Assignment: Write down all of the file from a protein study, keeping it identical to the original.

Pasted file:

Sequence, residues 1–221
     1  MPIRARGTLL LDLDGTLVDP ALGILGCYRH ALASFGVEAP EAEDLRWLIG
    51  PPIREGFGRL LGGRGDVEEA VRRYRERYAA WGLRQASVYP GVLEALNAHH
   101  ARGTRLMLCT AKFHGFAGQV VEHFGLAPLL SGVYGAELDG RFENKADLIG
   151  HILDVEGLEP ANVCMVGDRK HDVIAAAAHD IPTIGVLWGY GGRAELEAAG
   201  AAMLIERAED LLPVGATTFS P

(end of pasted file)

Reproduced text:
Sequence, residues 1–221
     1  MPIRARGTLL LDLDGTLVDP ALGILGCYRH ALASFGVEAP EAEDLRWLIG
    51  PPIREGFGRL LGGRGDVEEA VRRYRERYAA WGLRQASVYP GVLEALNAHH
   101  ARGTRLMLCT AKFHGFAGQV VEHFGLAPLL SGVYGAELDG RFENKADLIG
   151  HILDVEGLEP ANVCMVGDRK HDVIAAAAHD IPTIGVLWGY GGRAELEAAG
   201  AAMLIERAED LLPVGATTFS P